All the horses are shod front and back in a way I’ve never seen before: a full plate with a curved spike over the heel, held in place by three nails on each side. It is unusual, but it does a great job at keeping the stones out. These special shoes prove quite useful. Most of the trail takes us over the ancient pathways built by Ali Pasha so that caravans of Ottoman merchants could drive their wares from village to village. Under the small hooves of our horses, we distinguish old roads and loose pavement stones. An impressive feat of construction, sadly left to fall into ruins for a lack of conservation budget. The same is happening to the Byzantine and Paleo Christian churches we get to see during the week. Although some effort is made by the locals to preserve this stunning heritage, there is more to be done – hopefully before it’s too late, and before time and rivers wash it all away. One notable exception is an impressive bridge standing proud over the Zagora river, an impressive structure that we cross on horseback, trying to keep our horses dead straight in the middle of it (parapets are for the weak). Another example is the church in the village of Labovë, that we get to visit with our guide while the horses enjoy a break.
These old, decrepit caravan pathways make for a rocky climb over the mountains. The horses don’t seem to mind, they know the trail and this is their home. Kristina tells us you can trust a horse in its environment, and these prove to us time and time again that we can trust them in theirs. Some of these ascents and descents are dizzying and you certainly need to have a good head for heights, especially towards the end of the week. The views, however, are worth it, and we take it all in as our horses catch a well-deserved break.
AN ATHLETIC TRAIL IN THE MOUNTAINS
There is more to this trail than going up and down, up and down. Sure, it makes for a good part of it, but we also ride in sheltered valleys that offer narrow grassy plains where we can give our horses their heads. If we thought they were fast over stony tracks, we really get an idea of their full potential in the valleys. Michael & Mavri, Sasha and Maciej, and Hektor and I zoom in behind Kristina or Aurel. The rest of our group… Well, let’s just say they do their best to keep up!
The riding is surprisingly fast for a mountainous trail ride. The canters are never really long but frequent. The trots are sparse – I am not complaining, although Hektor’s walk is nice and active and he’s got a comfortable smooth canter, I’m afraid his trot is the exact opposite!
Every day, one of us gets up early to check on the horses and feed them grain. It is one of the features of this trail that we are responsible for the horses at night – it’s an adventure, not a relaxing holiday. In the evenings, we give them oats, hay and water. Headtorch recommended. At 8:30 am we are usually on horseback, ready for around 4-6 hours in the saddle. Lunches are simple picnics, either brought to us by the back up vehicle or packed in your saddlebags. It’s simple but effective after a full morning of riding: eggs, tomatoes, byrek (filo pastry pies, normally stuffed with spinach and cheese), olives, bread and feta cheese. We eat sitting on the ground by a river, on makeshift stone tables and chairs by an old mill, at a table near a shepherd’s hut… One day, one of the shepherds treats us to fresh yoghurt, cheese and butter. Earlier during the week, as we were still close to civilization, we stopped at a cafe to try a dish of aubergines slowly cooked with tomatoes and onions. Simply delicious!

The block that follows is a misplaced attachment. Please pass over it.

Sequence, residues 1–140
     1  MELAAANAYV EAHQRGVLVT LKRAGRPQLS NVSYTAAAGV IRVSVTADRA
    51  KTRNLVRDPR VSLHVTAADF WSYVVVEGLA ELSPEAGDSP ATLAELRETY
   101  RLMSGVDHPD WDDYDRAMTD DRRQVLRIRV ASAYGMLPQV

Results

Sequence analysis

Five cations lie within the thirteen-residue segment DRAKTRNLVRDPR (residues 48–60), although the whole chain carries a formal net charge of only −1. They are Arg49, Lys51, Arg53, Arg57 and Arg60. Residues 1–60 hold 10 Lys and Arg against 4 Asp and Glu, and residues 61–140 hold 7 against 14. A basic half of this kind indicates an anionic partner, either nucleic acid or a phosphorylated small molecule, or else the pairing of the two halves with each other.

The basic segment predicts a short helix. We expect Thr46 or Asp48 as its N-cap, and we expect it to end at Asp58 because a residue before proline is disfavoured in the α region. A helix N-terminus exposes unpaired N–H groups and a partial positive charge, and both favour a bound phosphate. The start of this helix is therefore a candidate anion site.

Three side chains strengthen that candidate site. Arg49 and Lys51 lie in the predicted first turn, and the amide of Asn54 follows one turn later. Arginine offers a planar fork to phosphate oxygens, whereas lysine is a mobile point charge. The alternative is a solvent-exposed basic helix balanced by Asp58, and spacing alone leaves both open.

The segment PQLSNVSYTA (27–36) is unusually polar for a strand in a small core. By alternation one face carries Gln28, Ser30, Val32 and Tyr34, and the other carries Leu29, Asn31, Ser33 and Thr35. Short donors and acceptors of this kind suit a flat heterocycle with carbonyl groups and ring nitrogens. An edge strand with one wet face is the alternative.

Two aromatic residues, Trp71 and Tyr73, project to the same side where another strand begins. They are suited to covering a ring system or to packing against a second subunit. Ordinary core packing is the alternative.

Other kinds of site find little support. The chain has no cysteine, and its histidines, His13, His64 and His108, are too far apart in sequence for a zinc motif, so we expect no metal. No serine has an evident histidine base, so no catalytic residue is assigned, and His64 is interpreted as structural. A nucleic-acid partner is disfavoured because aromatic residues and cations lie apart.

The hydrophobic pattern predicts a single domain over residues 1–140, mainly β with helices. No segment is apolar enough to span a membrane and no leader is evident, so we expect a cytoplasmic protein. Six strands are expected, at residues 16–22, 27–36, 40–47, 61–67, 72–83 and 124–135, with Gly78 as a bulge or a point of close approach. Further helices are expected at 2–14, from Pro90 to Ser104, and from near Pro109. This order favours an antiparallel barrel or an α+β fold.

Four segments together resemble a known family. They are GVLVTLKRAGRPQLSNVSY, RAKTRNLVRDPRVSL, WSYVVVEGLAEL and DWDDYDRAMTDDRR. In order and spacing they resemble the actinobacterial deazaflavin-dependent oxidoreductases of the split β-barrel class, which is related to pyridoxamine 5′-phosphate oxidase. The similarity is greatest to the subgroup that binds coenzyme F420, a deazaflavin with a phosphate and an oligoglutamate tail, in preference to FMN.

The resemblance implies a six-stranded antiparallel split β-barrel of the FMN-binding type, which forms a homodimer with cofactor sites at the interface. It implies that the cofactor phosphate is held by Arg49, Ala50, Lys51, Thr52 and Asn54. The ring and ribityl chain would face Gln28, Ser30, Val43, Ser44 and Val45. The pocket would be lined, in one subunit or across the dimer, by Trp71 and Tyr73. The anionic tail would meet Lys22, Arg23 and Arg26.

LIFE IN ALBANIA
The evenings are spent with local families. They welcome us into their homes with open arms and enough food to feed three times our group. Oh, and did I mention raki…? There’s homemade wine too, of mixed quality but always abundant quantities. Our hosts don’t speak much English. Some of them, none at all. We soon learn that it doesn’t really matter, as long as you can master the basics. One to remember is “Gëzuar” (cheers). A simple word that we used very frequently… And with a little sign language, a little French, a little Russian and a little Italian, and a few old photo albums, we puzzled the pieces of their stories together. They are not always joyful. You have to remember that Albania was a dictatorship and a communist state until the implosion of the USSR in 1991. In many ways, the country still bears the scars of that time. You see it in old bunkers built to face the “imaginary enemy”, that were ultimately never used. You see it in the lack of infrastructure and desperately low wages. You see it in the smiles and genuine warmth of the people, who want nothing more than to share a little bit of their life and positivity with you. We stayed with people whose stories really touched us. Whether learning traditional dances in front of an abandoned school in a village where there are no more children, or sharing a cup of tea looking at old family pictures or learning about the sacrifices a young man made to be with the woman he loved, we made memories that will stay with us for a long time, beyond the riding experience. It is a simple life they live, especially in the most remote areas where villages are nothing more than a few houses bundled together. And we couldn’t help but think there’s a lesson to be learnt somewhere.
Original Source: here